Acing Your Pitch to Investors

Discover the 13 ingredients of an ultra-compelling, irresistible, outstanding and unforgettable pitch.
Acing Your Pitch to Investors
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The following excerpt is from the staff of Entrepreneur Media’s book Finance Your Business. Buy it now from Amazon Barnes & Noble | iTunes

Your pitch to investors is the single thing that could either get your business off the ground or plunge your idea into eternal oblivion. The rule of thumb for investors is that for every 100 investments they make, only 10 will go big.

Related: Landing Financing Without Taking on Debt or Giving Away Equity

Let’s take that rule a step further. For every 1,000 pitches an investor hears, they will fund only 100 of them. Statistically, the odds for success aren’t great. You can beat the statistics, however, by crafting a pitch that turns heads and gets funded.

What are the ingredients of an ultra-compelling, irresistible, outstanding and unforgettable pitch?

1. Take only 10 minutes

Timing is critical. The less time your pitch takes, the better. A brilliant idea means nothing unless you can distill it to a few moments of sheer power. The more concise you can be, the more effective you’ll be. Here are a few timing pointers:

  • If you say you’ll take “only X minutes,” take at least one minute less.
  • If you are told, “You only have X minutes to pitch,” take at least five minutes less.
  • If you say, “One last thing,” make sure it’s truly the last thing.
  • Move at a good pace. Don’t rush at the end.
  • If you’re using slides, don’t stay on one slide for more than three minutes.

Here’s the great thing about taking 10 minutes: If the investors are really interested, they’ll ask questions. If they’re not, you’ll have saved them (and yourself) some time.

2. Turn your pitch into a story

Storytelling is a scientifically proven way to capture a listener’s attention and hold it. Besides, it makes your pitch unforgettable. Investors are bored with spreadsheets, valuations and numbers. If they want that information, they can get it. What you can offer that no term sheet can convey is the story and pathos behind your startup. Everyone loves a good story, even the most data-driven investor.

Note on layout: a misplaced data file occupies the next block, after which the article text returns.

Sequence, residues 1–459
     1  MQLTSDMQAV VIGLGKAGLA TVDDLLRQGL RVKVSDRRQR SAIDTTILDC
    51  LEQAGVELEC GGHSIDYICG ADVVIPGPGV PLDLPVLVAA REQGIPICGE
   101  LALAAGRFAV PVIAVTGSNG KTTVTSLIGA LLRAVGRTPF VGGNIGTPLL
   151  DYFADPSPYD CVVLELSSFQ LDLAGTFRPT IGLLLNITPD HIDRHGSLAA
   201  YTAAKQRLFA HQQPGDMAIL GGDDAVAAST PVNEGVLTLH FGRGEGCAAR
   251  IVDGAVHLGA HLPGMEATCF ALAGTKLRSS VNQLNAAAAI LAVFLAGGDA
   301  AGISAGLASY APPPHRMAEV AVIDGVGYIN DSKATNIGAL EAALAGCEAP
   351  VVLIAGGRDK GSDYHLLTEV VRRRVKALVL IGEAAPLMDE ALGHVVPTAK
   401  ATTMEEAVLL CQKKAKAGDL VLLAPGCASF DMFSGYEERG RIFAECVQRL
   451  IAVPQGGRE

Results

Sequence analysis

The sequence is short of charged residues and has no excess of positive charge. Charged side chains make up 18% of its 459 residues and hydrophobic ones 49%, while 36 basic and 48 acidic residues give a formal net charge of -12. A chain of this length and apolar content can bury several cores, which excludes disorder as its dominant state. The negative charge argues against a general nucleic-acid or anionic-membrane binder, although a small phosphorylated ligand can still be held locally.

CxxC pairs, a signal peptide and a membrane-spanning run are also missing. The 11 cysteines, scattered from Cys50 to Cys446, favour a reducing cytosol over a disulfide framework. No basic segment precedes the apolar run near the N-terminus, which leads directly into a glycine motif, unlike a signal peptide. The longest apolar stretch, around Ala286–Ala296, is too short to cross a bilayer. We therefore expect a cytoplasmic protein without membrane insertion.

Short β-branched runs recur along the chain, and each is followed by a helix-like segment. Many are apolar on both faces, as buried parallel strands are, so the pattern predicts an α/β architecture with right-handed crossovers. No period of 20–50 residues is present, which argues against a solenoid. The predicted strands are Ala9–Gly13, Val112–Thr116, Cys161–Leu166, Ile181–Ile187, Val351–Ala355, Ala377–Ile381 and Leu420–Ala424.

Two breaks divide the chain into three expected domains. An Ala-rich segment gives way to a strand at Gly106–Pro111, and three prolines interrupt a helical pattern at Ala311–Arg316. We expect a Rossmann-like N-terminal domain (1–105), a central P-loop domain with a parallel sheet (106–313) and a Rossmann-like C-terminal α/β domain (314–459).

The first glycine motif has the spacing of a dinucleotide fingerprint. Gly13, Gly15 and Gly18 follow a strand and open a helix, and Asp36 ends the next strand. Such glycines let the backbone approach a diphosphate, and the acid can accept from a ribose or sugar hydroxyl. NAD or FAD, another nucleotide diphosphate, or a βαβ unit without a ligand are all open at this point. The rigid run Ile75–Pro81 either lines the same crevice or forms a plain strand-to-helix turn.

So tell your story and tell it right. You’re bound to gain attention, and the funding will follow.

3. Be laser-focused

Investors’ time is their most valuable asset. If you convey respect for their time, they’ll interpret that as your willingness to treat their funding with respect.

Because time is important, you need to develop an absolute focus on the core components of your pitch, detailed in the following tips.

4. Explain exactly what your product or service is

Show your potential investors a picture of or give them the actual product to handle. Be careful not to drone endlessly on about your product. Honestly, investors don’t care about your product as much as they care about the money your product will make. The sooner you get to the money, the better.

Related: The 7 Risks of 401(k) Business Financing

5. Explain exactly what is unique about your product or service

If you aren’t producing or providing anything different from the run-of-the-mill widget, don’t even go to the meeting. Go back to your drawing board, and design something better.

6. Explain exactly who your target audience is

Use demographic and psychographic features to pinpoint your customers. Show investors a picture of a customer along with relevant data points.